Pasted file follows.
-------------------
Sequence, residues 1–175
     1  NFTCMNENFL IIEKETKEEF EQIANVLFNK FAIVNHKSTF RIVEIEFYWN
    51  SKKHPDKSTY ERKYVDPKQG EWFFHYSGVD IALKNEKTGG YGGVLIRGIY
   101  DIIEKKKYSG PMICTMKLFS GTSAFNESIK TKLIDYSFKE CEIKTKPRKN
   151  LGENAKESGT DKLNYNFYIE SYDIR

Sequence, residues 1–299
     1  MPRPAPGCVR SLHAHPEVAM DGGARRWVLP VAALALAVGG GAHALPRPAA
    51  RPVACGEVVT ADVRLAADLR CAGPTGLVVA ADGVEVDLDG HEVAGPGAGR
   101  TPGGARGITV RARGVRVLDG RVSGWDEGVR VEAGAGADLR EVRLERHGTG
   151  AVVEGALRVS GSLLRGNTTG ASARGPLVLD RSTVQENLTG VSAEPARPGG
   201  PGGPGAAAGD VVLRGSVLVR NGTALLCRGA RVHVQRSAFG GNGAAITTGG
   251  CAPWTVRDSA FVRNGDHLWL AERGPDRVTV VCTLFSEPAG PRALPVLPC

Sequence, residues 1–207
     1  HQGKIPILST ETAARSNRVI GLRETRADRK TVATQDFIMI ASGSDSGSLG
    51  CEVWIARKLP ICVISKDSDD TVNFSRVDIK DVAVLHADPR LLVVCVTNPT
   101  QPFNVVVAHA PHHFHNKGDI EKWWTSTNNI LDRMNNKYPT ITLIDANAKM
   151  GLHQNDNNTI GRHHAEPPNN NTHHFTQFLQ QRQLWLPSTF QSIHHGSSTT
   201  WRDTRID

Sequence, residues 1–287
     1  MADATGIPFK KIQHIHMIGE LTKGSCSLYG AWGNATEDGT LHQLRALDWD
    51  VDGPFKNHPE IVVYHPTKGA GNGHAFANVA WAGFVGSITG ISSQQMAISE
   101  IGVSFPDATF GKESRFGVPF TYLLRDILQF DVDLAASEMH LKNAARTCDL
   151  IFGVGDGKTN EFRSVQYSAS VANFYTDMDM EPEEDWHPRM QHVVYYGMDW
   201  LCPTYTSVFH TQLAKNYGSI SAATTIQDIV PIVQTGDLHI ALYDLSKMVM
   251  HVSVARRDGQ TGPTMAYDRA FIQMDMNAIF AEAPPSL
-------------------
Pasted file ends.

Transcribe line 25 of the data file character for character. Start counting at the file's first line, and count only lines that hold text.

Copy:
   251  HVSVARRDGQ TGPTMAYDRA FIQMDMNAIF AEAPPSL